(Bloomberg) -- Orpea SA, the embattled retirement-home operator at the heart of a scandal in France, secured 1.73 billion euros ($1.8 billion) of financing from banks as the company faces increasing costs and debt maturities.

The company aims to sell 3 billion euros of assets by the end of 2025 to reduce debt, Orpea said in a statement Friday. It won’t pay a dividend this year because of the expenses it faces to overhaul its operations in the wake of the scandal, in which it was accused of stinting on care for the elderly to boost profits. The stock slumped as much as 6%.

The financing agreement, with banks including BNP Paribas SA, Credit Agricole SAand Societe Generale SA, includes a commitment to maintain at least 300 million euros of cash on hand. The syndicated facility is a response to “the current period of uncertainty for Orpea,” access to financial markets that’s been closed off and a slowdown in the originally planned asset disposal program, it said.

Orpea has “major financing challenges” due to investments amounting to about 900 million euros a year for the development of its real-estate portfolio in 2022 and 2023, the company said, and it has 850 million euros of debt maturing in the second half of this year and 983 million euros in 2023.

French prosecutors last month expanded an investigation into the beleaguered retirement-home operator. The probe opened in February for alleged falsification of records and violation of labor rules through the abusive use of short-term contracts has been widened following referral by the French government, according to Nanterre prosecutors. 

The company was thrust into the spotlight at end of January, when a book called “The Gravediggers” singled out its top managers for putting profits ahead of patient welfare, rationing items like food and adult diapers. Orpea shares have since lost 61% of their value, and a string of government representatives -- including President Emmanuel Macron -- expressed shock and disgust over the revelations.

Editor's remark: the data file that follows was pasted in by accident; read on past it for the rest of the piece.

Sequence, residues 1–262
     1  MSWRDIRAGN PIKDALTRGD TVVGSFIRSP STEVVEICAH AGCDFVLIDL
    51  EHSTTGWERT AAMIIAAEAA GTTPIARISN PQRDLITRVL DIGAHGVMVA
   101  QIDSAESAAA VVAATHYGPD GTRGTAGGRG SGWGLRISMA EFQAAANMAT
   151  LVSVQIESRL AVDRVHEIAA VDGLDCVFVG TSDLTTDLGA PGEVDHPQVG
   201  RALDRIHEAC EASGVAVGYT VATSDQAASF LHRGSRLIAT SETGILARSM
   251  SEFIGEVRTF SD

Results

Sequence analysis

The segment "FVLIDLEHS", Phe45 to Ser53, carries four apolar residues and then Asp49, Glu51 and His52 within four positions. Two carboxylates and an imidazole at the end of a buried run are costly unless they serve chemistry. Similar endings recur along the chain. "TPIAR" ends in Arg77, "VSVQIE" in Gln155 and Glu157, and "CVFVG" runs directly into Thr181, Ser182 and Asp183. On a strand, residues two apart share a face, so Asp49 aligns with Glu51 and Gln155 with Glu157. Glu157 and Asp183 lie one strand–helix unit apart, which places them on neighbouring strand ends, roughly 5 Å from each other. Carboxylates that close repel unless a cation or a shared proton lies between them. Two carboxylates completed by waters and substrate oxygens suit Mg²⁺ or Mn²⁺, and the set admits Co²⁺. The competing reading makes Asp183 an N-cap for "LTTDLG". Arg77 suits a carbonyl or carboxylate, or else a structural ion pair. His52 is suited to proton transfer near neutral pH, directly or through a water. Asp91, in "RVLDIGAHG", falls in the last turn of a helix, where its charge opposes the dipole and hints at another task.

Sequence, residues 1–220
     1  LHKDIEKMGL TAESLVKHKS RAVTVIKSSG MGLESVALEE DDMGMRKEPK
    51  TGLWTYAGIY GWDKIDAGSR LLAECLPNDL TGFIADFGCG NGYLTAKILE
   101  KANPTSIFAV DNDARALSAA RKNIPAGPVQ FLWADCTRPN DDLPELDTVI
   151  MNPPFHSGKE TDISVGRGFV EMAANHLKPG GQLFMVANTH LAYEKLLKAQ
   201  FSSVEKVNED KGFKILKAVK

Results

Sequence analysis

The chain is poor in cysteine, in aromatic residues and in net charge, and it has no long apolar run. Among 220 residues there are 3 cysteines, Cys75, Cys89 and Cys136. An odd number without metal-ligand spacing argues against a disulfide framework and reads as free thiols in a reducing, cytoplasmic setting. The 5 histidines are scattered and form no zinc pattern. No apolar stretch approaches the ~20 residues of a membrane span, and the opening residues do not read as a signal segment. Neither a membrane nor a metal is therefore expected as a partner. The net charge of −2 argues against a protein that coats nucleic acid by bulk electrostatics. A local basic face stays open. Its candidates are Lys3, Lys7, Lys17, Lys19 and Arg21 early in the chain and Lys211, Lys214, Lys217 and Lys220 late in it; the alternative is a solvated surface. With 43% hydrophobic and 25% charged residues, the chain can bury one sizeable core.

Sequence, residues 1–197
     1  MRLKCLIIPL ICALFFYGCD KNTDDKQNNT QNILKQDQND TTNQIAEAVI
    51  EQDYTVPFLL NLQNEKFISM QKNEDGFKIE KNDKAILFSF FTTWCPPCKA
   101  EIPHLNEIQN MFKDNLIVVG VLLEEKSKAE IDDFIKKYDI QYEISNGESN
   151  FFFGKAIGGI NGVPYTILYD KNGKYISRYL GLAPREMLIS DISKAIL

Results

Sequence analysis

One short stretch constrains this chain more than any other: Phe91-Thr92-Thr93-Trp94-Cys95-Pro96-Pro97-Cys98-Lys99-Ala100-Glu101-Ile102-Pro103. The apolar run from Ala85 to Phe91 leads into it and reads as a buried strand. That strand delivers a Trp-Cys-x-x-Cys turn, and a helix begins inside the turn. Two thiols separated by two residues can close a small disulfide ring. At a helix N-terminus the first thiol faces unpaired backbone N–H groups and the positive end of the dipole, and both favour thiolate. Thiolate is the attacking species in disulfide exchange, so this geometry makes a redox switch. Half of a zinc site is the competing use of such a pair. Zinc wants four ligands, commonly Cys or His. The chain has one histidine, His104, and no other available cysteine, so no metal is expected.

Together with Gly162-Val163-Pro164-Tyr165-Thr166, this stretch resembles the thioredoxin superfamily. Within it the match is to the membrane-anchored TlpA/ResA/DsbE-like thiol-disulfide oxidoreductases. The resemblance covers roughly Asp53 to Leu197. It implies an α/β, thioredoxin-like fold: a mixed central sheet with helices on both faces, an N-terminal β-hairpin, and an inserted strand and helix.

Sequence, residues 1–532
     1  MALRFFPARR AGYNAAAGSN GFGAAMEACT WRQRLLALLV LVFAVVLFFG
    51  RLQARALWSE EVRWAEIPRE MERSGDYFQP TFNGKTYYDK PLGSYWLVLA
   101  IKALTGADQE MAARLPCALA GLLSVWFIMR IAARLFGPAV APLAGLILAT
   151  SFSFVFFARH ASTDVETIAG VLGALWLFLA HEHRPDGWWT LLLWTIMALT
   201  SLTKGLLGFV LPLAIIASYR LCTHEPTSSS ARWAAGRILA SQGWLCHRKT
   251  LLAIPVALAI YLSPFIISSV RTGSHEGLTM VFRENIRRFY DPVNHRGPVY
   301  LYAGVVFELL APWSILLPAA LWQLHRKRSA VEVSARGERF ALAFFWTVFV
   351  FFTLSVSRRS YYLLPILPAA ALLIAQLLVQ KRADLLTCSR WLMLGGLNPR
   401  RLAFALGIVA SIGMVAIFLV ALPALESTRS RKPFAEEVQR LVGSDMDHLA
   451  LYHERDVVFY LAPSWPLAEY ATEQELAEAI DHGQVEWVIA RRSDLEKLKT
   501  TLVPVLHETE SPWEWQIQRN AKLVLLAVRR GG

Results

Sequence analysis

France to Bolster Nursing-Home Oversight After Orpea Scandal

A review into the allegations commissioned by Orpea pointed to chronic under-staffing and mishandling of public funds. 

Orpea also said Friday that net income slumped 59% last year to 65.2 million euros, with debt standing at 7.89 billion euros as of Dec. 31, up by 1.23 billion euros versus the previous year due to a “sustained” property development and acquisition strategy. First-quarter sales climbed 9% overall, and that’s in line with expectations, according to Jefferies International Ltd. analyst James Vane-Tempest.

Orpea said it expects operating profitability will be hurt this year by inflation, notably higher energy costs and salaries in certain countries. It’s also bracing for expenses related to the management of the scandal and its consequences. 

The company plans a “major” overhaul, primarily in France, focused on the quality of care and well-being of residents, the strengthening of dialog with stakeholders, an improved human resources policy, stronger internal controls and promotion of its whistle-blowing policy for employees, it said.

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